Aramco 'not on the agenda': A cohort of City firms travelling to Saudi Arabia have denied they are going to woo the oil giant

 
Lucy White
SAUDI-OIL-ARAMCO
PwC, LSE and Standard Life are among those joining the Lord Mayor in Saudi Arabia (Source: Getty)

A number of City firms including PwC, Standard Life Aberdeen and the London Stock Exchange (LSE) will be travelling to Saudi Arabia this weekend along with the City of London’s Lord Mayor – but have denied that persuading oil giant Saudi Aramco to list in London will be on the agenda.

A spokesperson for the City of London Corporation told City A.M. that the trip, led by Lord Mayor Charles Bowman, had been planned “months in advance” of the quiet battle which has broken out between stock exchanges around the world to lure Aramco to their market.

Read more: City divided on Saudi Aramco: City of London Corporation backs FCA's new listing rules to help stock exchange lure oil giant

PwC’s head of private equity and sovereign wealth funds Will Jackson-Moore will attend the trip, but is primarily aiming to speak with the country’s Public Investment Fund, the firm said. It added that Aramco is not on the agenda but “may come up”.

A spokesperson for Standard Life Aberdeen said an employee was going as the firm “supports delegations which have an important role to play in helping promote UK financial services around the world”.

The spokesperson added: “In terms of Saudi Aramco, as a major global investor we are always concerned about the protection of shareholder rights, particularly those of minority shareholders, and any changes to the London market listing rules ought to take this into account. This being considered we would welcome a listing by Aramco in London.”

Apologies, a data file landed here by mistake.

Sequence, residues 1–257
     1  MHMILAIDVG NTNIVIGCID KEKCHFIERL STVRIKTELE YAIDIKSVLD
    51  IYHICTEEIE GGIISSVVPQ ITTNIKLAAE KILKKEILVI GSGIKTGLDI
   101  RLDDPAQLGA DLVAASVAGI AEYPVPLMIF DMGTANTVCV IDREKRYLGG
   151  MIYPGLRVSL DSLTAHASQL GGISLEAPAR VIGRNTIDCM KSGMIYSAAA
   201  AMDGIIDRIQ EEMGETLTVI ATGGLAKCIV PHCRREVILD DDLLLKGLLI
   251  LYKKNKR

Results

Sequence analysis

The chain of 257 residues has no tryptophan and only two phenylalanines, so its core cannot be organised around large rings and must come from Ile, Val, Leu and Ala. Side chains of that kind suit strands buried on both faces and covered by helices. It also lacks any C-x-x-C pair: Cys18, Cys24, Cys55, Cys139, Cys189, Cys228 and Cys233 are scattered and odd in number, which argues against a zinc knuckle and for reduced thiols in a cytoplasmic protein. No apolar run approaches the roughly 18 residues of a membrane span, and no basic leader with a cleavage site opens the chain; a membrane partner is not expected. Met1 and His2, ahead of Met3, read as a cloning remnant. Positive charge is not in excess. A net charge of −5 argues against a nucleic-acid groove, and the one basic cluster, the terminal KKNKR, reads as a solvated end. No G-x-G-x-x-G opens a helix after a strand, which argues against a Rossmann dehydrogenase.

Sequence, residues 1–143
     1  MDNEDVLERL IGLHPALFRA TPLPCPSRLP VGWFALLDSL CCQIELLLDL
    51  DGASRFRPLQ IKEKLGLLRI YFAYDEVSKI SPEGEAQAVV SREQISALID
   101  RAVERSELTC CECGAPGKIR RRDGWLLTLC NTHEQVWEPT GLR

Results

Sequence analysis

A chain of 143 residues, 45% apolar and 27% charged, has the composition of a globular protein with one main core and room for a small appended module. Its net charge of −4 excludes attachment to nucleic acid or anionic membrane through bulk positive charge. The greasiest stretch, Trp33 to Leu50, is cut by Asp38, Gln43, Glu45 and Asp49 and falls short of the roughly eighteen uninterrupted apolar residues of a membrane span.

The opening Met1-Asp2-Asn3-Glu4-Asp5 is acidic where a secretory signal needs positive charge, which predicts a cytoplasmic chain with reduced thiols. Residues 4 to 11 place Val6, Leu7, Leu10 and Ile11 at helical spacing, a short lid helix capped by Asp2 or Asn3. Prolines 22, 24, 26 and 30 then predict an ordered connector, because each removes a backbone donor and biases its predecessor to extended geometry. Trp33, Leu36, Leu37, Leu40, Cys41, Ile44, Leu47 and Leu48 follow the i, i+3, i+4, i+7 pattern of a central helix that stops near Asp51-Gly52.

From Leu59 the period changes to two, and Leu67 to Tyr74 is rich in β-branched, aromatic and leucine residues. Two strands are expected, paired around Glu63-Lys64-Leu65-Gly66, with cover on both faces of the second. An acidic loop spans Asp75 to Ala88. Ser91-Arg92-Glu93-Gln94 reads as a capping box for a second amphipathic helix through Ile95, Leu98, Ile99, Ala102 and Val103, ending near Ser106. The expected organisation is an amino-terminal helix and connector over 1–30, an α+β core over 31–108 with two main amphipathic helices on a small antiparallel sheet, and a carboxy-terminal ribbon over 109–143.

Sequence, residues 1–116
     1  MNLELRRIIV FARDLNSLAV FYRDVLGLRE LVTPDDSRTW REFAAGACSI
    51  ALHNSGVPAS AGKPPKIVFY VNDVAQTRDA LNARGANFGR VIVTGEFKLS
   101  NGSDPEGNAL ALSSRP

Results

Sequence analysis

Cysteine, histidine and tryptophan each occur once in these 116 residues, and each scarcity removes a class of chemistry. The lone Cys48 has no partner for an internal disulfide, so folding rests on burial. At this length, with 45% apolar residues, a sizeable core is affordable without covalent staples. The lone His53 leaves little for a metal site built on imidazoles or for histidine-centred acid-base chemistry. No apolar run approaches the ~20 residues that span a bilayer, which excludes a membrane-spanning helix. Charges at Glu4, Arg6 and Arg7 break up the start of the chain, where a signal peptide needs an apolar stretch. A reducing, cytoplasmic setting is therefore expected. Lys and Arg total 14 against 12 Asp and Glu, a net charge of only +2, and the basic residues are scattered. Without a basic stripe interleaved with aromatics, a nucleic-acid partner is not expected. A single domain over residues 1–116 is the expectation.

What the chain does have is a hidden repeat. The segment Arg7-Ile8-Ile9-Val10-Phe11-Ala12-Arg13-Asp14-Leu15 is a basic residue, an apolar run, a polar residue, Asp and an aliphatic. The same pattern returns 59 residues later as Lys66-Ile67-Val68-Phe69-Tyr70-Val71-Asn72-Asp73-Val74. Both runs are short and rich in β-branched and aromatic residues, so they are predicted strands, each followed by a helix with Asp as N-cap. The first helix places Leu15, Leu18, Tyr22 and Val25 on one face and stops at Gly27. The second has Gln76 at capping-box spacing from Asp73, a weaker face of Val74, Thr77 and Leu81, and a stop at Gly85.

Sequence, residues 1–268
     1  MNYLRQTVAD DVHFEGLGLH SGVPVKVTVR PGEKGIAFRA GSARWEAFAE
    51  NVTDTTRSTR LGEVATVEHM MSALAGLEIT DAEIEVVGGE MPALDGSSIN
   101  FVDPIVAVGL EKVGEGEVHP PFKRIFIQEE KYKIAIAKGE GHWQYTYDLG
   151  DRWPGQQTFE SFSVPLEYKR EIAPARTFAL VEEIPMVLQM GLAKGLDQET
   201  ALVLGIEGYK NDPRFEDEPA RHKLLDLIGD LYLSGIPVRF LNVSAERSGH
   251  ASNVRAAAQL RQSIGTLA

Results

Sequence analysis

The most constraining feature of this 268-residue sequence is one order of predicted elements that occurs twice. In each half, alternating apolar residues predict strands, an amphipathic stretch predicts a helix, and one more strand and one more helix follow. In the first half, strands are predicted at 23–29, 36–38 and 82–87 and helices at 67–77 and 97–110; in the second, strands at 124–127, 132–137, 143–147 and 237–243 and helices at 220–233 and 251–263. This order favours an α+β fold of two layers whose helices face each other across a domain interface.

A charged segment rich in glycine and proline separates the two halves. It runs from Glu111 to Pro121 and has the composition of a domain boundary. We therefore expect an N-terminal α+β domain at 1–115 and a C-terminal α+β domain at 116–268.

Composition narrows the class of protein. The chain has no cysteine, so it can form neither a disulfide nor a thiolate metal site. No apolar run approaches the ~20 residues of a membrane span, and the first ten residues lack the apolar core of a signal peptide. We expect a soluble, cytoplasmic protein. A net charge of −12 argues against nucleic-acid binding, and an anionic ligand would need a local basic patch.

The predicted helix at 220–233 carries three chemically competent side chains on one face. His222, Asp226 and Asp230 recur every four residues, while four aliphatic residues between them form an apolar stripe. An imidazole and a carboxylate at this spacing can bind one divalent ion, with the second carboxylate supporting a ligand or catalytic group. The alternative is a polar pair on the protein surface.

This mirrors the opinion of Standard Life Aberdeen’s chairman Gerry Grimstone, who said earlier this year that Aramco should list in London even if this meant bending the listing rules designed to protect investors.

Read more: Standard Life Aberdeen chief says Saudi Aramco should come to London

The Financial Conduct Authority, which suggested these modifications to accommodate the Aramco mega-float, said it would not be sending anyone on the trip.

President Trump has also been vocal about his desire to bring Aramco, which could be valued at up to $2 trillion (£1.5 trillion), to the US markets.

Last month he took to Twitter to say that he would “very much appreciate Saudi Arabia doing their IPO of Aramco with the New York Stock Exchange”.

Read more: FCA proposes to clear the way for London Saudi Aramco listing with new rules

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